What We Need

In the musical "Mame", Auntie Mame calls her friends together and sings the song "We Need a little Christmas, right this very minute. Candles in the window, carols at the Spinet." In response to the gloom and doom of the Great Depression, Mame decorates her house with holly, colored lights and a Christmas tree to pull those around her out of the funk they are feeling. At the end of the song everyone is happier, feels closer and finds once again something worth celebrating.

As we've approached this day, October 31st – Halloween, I've been thinking that we need a little Halloween. It is wonderful that Halloween falls on a Friday this year. Children will not need to get up early for school tomorrow. They can fall asleep in their costumes if their parents will allow it. Most adults will not be going to work tomorrow and can stay up helping categorize the candy loot until the wee hours as they talk the young ones out of the more sophisticated chocolate that has landed in their bags. We need a little Halloween to give us a break from the political rhetoric and the economic roller coaster on which we find ourselves.Plainly put, we need a little diversion, a little fun.

Halloween provides that rare opportunity for children to rule. The adults who prepare costumes and dress these children inevitably remember the Halloweens of their past…that mummy costume that kept unraveling at the Girl Scout party while doing the "Monster Mash"…the plate of peeled grapes, passed around in the dark  while a scary story was told,meant to be eyeballs….the unbridled freedom felt as we ran from door to door in the dark, parents standing just in the shadows, protection but an arm's length away. It is a night of pure fun with no hidden agenda.

It is also a night when, for a few brief hours, the children and the child-like, can don costumes that allow them to get in touch with an inner desire or confront their deepest fears. Super heroes make their way through neighborhoods fighting crime along side vampires and angels. Peter Pan flies near the witches, both with the longing to 'never grow up.' Clowns hold the flashlight while their Princess friends lift skirts that are just a bit too long, both moving toward the next door which will provide another sweet treat. And those who greet them hold memories of similar costumes and a familiar joy that really only comes once a year.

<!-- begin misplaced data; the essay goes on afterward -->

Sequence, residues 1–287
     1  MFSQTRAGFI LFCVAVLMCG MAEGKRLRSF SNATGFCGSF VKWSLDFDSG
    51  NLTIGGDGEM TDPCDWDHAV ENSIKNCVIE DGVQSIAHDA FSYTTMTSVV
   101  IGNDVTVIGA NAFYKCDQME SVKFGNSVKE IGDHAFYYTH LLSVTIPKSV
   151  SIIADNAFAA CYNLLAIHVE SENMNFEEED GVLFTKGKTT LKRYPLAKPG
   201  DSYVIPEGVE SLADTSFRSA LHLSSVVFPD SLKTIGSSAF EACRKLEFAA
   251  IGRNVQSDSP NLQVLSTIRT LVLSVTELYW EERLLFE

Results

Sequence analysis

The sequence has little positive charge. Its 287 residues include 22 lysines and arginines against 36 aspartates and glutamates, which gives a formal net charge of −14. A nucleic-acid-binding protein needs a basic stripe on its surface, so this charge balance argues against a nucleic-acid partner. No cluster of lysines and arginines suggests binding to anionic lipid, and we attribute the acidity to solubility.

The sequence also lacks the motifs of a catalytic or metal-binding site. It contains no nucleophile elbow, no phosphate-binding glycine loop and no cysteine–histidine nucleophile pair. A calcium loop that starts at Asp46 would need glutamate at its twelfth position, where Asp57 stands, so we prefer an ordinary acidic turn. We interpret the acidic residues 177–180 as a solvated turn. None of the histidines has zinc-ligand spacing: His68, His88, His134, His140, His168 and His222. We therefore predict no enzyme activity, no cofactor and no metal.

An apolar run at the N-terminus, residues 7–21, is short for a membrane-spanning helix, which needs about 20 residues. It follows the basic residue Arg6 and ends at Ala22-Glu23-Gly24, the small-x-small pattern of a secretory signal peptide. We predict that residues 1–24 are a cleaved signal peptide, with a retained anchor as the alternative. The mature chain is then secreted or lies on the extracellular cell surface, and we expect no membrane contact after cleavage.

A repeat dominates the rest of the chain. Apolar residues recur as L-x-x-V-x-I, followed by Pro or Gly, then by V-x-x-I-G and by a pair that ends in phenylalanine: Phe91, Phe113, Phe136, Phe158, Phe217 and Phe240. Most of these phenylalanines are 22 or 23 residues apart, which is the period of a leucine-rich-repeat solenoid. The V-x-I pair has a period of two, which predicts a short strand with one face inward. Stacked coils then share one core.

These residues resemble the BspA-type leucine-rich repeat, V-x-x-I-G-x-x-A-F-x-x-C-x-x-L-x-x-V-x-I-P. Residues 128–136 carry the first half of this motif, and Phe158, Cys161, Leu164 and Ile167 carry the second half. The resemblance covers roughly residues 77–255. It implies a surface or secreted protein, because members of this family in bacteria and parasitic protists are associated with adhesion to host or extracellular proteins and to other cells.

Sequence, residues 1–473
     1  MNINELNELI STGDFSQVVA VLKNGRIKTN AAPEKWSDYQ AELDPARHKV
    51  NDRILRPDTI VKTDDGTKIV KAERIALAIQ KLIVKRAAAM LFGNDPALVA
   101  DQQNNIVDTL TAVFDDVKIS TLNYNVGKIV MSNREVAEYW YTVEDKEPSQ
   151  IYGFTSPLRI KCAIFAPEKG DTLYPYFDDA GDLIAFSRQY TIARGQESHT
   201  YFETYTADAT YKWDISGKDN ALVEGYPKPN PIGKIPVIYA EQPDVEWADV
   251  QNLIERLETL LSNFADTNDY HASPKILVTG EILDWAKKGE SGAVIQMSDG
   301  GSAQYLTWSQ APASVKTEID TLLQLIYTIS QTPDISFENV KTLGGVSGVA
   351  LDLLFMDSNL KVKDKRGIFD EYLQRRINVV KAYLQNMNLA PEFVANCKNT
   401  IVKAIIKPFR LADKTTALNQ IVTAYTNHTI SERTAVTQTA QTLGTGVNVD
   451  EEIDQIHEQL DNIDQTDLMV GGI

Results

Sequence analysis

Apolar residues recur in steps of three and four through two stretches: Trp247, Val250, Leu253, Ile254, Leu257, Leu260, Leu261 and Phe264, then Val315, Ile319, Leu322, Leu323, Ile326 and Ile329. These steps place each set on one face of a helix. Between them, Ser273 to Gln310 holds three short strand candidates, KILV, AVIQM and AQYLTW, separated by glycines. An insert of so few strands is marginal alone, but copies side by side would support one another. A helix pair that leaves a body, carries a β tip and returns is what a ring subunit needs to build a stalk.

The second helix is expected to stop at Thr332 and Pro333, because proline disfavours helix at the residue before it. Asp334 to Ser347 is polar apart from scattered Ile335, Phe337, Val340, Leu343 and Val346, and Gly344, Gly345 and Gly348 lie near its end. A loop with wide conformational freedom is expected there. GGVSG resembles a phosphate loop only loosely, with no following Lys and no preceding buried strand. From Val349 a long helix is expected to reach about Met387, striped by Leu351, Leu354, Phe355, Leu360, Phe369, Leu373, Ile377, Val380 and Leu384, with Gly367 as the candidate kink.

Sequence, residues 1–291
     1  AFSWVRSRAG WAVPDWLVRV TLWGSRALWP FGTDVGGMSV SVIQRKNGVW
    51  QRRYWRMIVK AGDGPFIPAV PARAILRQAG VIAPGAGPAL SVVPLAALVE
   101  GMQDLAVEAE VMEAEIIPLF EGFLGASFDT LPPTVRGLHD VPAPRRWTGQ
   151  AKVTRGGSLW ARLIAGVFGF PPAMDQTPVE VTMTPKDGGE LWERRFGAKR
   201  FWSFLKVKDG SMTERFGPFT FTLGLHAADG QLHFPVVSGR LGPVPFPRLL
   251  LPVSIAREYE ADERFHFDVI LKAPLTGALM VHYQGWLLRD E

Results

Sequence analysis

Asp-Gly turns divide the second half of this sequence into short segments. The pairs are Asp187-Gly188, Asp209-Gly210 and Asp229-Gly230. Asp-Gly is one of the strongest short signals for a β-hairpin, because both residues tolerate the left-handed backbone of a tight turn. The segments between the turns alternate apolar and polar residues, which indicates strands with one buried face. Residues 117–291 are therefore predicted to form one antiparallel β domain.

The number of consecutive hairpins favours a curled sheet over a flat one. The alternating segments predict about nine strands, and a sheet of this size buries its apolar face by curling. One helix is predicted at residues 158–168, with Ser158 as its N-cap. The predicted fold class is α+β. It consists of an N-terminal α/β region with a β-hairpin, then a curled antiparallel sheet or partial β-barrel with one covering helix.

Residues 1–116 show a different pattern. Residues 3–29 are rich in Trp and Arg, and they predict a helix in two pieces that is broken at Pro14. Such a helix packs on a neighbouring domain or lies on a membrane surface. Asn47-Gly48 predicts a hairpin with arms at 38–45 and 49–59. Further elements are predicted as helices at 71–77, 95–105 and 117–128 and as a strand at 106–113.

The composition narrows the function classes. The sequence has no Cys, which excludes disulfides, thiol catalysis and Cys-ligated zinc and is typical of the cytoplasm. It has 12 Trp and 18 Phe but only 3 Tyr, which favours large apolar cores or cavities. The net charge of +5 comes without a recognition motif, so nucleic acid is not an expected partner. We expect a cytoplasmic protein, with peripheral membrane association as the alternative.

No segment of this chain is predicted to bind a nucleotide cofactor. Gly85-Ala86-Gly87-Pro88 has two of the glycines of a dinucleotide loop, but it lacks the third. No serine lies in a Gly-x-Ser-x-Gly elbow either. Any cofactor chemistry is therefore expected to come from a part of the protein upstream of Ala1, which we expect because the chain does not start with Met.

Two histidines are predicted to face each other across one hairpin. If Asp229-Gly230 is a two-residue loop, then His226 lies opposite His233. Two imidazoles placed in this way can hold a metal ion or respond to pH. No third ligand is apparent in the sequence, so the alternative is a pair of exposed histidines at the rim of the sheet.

It is a simple holiday, one that doesn't ask much of us. A mask, some well placed cloth, perhaps a little makeup. A few small pieces of candy. Tonight all this will add up to some much needed happiness.

Tomorrow we can get back to the important work of elections and stock markets. But tonight….let's fly!

Have a wonderful weekend…..remember to turn your clocks back and enjoy that extra hour of sleep….

Count Them

“Blessed are those who know their need
for theirs is the grace of heaven.
Blessed are the humble
for they are close to the sacred earth.
Blessed are those who weep
for their tears will be wiped away.
Blessed are the forgiving
for they are free.
Blessed are those who hunger for earth’s oneness
for they will be satisfied.
Blessed are the clear in heart
for they see the Living Presence.
Blessed are those who suffer for what is right
for theirs is the strength of heaven.
Blessed are the peacemakers
for they are born of God.”

~ The Casa del Sol Blessings of Jesus

This Sunday is the celebration of All Saints in the protestant churches, the day when we name and mark those saints living and departed who have graced our lives. This particular Sunday the scripture reading from the Christian texts is what we commonly call The Beatitudes. These sayings of Jesus to the people gathered at the Sermon on the Mount are some of the most beloved words in the Bible. The reading above is certainly an adaptation by a group of people who looked long and hard at what Jesus’ words meant and what they mean. They are printed at the beginning of J. Philip Newell’s book Christ of the Celts: The Healing of Creation.

The poetry of the beatitudes is beautiful. But I think that one of the reasons we love this scripture so much is that in it we can find ourselves and we can be affirmed that Jesus is talking to us. He is talking to us, including us, in all our neediness, our brokenness, our strength, our passions, our dreams. He is talking to us, naming the deepest part of who we are right here, right now, and then blessing the steps we are taking, blessing our life’s journey. And depending on the day, we might see our path as one of peacemaker or one who needs our tears wiped away. It changes all the time with all the twists and turns of living…..but the blessing remains.